Main Article Content
cystic fibrosis, multi-resistant bacterial infection, lactic acidosis, mitochondria, chloramphenicol
Children with cystic fibrosis are commonly colonized with multi-resistant bacteria. In such patients, infectious exacerbation may require salvage therapy with uncommonly used antimicrobials, including chloramphenicol. Chloramphenicol is rarely used nowadays because of the associated severe adverse events. We describe the case of a 15-year-old female with terminal cystic fibrosis who required intravenous (IV) chloramphenicol treatment for a Burkholderia cepacia ( B. cepacia ) exacerbation. The child subsequently developed lactic acidosis and secondary respiratory compensation adding to her baseline respiratory distress. Based on the Naranjo scale, the probability of chloramphenicol being the cause of the hyperlactatemia and associated respiratory distress was rated as probable, as the adverse effects resolved upon discontinuation of the drug. Subsequent genotyping for mitochondrial polymorphism (G3010A) confirmed a possible susceptibility to lactic acidosis from mitochondrial RNA-inhibiting agents such as chloramphenicol. Hyperlac - tatemia is a rare but life threatening adverse effect that has been previously reported with chloramphenicol exposure, but is not generally thought of. Clinicians should be aware of this potentially life threatening, but reversible adverse event. Lactate should be monitored under chloramphenicol and it should be discontinued as soon as this complication is suspected, especially in patients with low respiratory reserve.
2. Evans LS, Kleiman MB. Acidosis as a presenting feature of chloramphenicol toxicity. J Pediatr 1986;108(3):475–7.
3. Wiest DB, Cochran JB, Tecklenburg FW. Chloramphenicol toxicity revisited: a 12-year-old patient with a brain abcess. J Pediatr Pharmacol Ther 2012;17(2):182–8.
4. Duewelhenke N, Krut O, Eysel P. Influence on mitochondria and cytotoxicity of different antibiotics administered in high concentrations on primary human osteoblasts and cell lines. Antimicrob Agents Chemother 2007;51(1):54–63.
5. Riesbeck K, Bredberg A, Forsgren A. Ciprofloxacin does not inhibit mitochondrial functions but other antibiotics do. Antimicrob Agents Chemother1990 ; 34(1):167–9.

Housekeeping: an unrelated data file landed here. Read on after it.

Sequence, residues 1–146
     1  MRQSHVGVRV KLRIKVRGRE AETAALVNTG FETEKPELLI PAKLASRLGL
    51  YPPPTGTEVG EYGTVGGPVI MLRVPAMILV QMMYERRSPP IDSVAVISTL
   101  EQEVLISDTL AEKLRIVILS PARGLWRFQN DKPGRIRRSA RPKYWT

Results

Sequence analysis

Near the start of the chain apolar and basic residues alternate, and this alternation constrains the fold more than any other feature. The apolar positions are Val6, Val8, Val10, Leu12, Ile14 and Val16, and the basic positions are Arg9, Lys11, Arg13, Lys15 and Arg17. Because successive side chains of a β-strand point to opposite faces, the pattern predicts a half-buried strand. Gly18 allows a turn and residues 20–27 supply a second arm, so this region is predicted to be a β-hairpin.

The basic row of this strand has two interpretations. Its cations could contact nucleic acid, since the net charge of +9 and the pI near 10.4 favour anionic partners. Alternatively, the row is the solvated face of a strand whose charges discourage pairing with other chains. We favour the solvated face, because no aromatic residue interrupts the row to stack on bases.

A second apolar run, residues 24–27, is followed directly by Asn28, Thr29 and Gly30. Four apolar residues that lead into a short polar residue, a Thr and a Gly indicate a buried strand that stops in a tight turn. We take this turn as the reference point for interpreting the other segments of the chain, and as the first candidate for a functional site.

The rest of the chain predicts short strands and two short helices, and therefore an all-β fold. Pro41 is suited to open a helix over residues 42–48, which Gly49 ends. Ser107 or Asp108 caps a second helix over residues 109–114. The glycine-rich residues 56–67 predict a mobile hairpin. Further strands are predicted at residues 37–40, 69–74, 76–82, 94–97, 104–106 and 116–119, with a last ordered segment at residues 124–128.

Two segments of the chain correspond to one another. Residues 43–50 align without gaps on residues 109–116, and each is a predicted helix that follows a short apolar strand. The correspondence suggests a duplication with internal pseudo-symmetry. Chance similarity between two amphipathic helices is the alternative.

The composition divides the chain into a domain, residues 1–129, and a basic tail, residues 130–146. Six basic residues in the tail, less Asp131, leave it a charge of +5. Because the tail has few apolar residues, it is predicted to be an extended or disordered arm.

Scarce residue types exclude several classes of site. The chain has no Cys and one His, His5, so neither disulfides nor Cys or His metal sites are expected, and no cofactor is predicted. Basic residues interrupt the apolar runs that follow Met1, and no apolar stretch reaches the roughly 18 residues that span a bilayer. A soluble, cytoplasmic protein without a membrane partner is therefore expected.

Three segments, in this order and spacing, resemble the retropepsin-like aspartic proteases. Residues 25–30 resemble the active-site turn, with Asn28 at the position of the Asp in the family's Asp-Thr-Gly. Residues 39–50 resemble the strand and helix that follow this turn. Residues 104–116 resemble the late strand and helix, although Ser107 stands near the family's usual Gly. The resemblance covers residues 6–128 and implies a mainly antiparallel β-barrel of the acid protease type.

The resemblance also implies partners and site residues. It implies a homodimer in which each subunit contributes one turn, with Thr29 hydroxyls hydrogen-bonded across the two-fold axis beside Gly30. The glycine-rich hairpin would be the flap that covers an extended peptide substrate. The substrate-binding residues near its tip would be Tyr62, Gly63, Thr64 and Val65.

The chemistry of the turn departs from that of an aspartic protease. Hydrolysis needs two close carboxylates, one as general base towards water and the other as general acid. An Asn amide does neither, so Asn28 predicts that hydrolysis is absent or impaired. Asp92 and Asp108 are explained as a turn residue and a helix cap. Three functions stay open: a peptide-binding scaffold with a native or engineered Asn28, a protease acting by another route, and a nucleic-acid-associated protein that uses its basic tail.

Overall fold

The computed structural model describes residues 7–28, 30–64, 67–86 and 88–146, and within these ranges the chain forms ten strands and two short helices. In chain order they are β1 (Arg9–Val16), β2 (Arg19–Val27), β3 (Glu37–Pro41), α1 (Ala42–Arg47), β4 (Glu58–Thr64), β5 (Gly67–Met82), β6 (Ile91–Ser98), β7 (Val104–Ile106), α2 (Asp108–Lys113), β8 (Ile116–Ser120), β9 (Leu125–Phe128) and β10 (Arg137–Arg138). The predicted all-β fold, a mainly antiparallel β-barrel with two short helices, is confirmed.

6. Kroon AM, Van den BC. Antibacterial drugs and their interference with the biogenesis of mitochondria in animal and human cells. Pharm Weekbl Sci1983; 5(3):81–7.
7. Del Pozo JL, Fernández-Ros N, Sáez E, et al. Linezolid-induced lactic acidosis in two liver transplant patients with the mitochondrial DNA A2706G polymorphism. Antimicrob Agents Chemother 2014;58(7):4227–9.
8. Palenzuela L, Hahn NM, Nelson RP, Jr., et al. Does linezolid cause lactic acidosis by inhibiting mitochondrial protein synthesis? Clin Infect Dis 2005;40(12):e113–6.
9. Su E, Crowley K, Carcillo J et al. Linezolid and lactic acidosis – A role for lactate monitoring with long-term linezolid use in children.Pediatr Infect Dis J 2011;30(9):804–6.
10. Carson J, Cerda J, Chae JH, et al. Severe lactic acidosis associated with linezolid use in a patient with the mitochondrial DNA A2706G polymorphism. Pharmacotherapy 2007;27(5):771–4.
11. Triton Pharma Inc. PR Septra ® Injection – Product Monograph. Concord, ON: Author; 2010. Available at: http://www.compagnonsdelatransplantation.ca/assets/ Product%20Monographs/Septra.PDF
12. Nordt SP, Vivero LE. Pharmaceutical additives. In: Hoff - man RS, Howland M, Lewin NA, Nelson LS, Goldfrank LR. eds. Goldfrank’sToxicologic Emergencies, 10 th ed. New York, NY: McGraw-Hill; 2010. Available at: http://accesspharmacy.mhmedical.com/content.aspx?bookid =1163&Sectionid=65095471.
13. Naranjo CA, Busto U, Sellers EM et al. A method for estimating the probability of adverse drug reactions. Clin Pharmacol Ther 1981;30(2), 239–45.
14. The World Health Organization. Standardized treatment of bacterial meningitis in Africa in epidemic and non epidemic situations. Geneva: Author; 2007. Available at: http://www.who.int/csr/resources/publications/ meningitis/WHO_CDS_EPR_2007_3.pdf.
15. Long K, Vester B. Resistance to linezolid caused by modifications at its binding site on the ribosome. Antimicrob Agents Chemother 2012;56(2):603–12.
16. Plock N, Buerger C, Joukhadar, C et al. Does linezolid inhibit its own metabolism? – Population pharmacokinetics as a tool to explain the observed nonlinearity in both healthy volunteers and septic patients. Drug Metab Dispos 2007;35(10):1816–23.
17. Soriano A, Miro O, Mensa J. Mitochondrial toxicity associated with linezolid. N Engl J Med 2005;353(21):2305–6.
18. Flanagan S, McKee EE, Das D, et al. Nonclinical and pharmacokinetic assessments to evaluate the potential of tedizolid and linezolid to affect mitochondrial function. Antimicrob Agents Chemother 2015;59(1):178–85.
19. Kraut JA, Madias NE. Lacticacidosis. N Engl J Med 2014;371(24):2309–19.
20. Gunnerson KJ, Saul M, He S, et al. Lactate versus non-lactate metabolic acidosis: a retrospective outcome evaluation of critically ill patients. Crit Care 2006;10(1):R22.
21. Nichol AD, Egi M, Pettila V, et al. Relative hyperlactatemia and hospital mortality in critically ill patients: a retrospective multi-centre study. Crit Care 2010;14(1):R25.
22. Okorie ON, Dellinger P. Lactate: biomarker and potential therapeutic target. Crit Care Clin 2011;27:299–26.